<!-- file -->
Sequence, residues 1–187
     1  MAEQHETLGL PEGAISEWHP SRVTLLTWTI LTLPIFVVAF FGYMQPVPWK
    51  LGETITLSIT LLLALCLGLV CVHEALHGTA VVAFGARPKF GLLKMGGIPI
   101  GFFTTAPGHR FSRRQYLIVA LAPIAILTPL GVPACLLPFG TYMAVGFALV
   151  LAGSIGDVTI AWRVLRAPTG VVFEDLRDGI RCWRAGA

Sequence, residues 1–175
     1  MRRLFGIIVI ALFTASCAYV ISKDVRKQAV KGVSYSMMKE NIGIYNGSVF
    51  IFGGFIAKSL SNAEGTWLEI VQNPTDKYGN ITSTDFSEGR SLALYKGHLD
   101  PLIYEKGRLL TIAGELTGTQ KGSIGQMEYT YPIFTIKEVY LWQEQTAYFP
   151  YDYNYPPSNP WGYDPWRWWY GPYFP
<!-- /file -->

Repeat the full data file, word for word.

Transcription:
Sequence, residues 1–187
     1  MAEQHETLGL PEGAISEWHP SRVTLLTWTI LTLPIFVVAF FGYMQPVPWK
    51  LGETITLSIT LLLALCLGLV CVHEALHGTA VVAFGARPKF GLLKMGGIPI
   101  GFFTTAPGHR FSRRQYLIVA LAPIAILTPL GVPACLLPFG TYMAVGFALV
   151  LAGSIGDVTI AWRVLRAPTG VVFEDLRDGI RCWRAGA

Sequence, residues 1–175
     1  MRRLFGIIVI ALFTASCAYV ISKDVRKQAV KGVSYSMMKE NIGIYNGSVF
    51  IFGGFIAKSL SNAEGTWLEI VQNPTDKYGN ITSTDFSEGR SLALYKGHLD
   101  PLIYEKGRLL TIAGELTGTQ KGSIGQMEYT YPIFTIKEVY LWQEQTAYFP
   151  YDYNYPPSNP WGYDPWRWWY GPYFP